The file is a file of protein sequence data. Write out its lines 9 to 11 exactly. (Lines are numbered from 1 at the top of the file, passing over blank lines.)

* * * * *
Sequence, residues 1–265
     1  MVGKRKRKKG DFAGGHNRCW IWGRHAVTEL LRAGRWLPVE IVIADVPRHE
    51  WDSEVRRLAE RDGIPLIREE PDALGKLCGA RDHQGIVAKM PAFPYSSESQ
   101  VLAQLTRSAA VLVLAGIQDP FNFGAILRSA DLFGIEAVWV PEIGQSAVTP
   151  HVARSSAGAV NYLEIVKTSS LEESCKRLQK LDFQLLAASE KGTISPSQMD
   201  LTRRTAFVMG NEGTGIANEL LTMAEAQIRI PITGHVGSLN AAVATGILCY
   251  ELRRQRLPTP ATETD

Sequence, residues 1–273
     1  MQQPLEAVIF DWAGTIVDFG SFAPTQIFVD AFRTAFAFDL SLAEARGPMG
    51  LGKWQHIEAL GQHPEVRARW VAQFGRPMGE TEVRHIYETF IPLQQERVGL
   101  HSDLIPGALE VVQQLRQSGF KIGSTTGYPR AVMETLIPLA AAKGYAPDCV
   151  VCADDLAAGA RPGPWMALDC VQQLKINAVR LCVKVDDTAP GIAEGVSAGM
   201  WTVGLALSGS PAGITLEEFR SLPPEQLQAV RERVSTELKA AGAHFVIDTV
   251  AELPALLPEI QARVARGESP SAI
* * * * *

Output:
     1  MQQPLEAVIF DWAGTIVDFG SFAPTQIFVD AFRTAFAFDL SLAEARGPMG
    51  LGKWQHIEAL GQHPEVRARW VAQFGRPMGE TEVRHIYETF IPLQQERVGL
   101  HSDLIPGALE VVQQLRQSGF KIGSTTGYPR AVMETLIPLA AAKGYAPDCV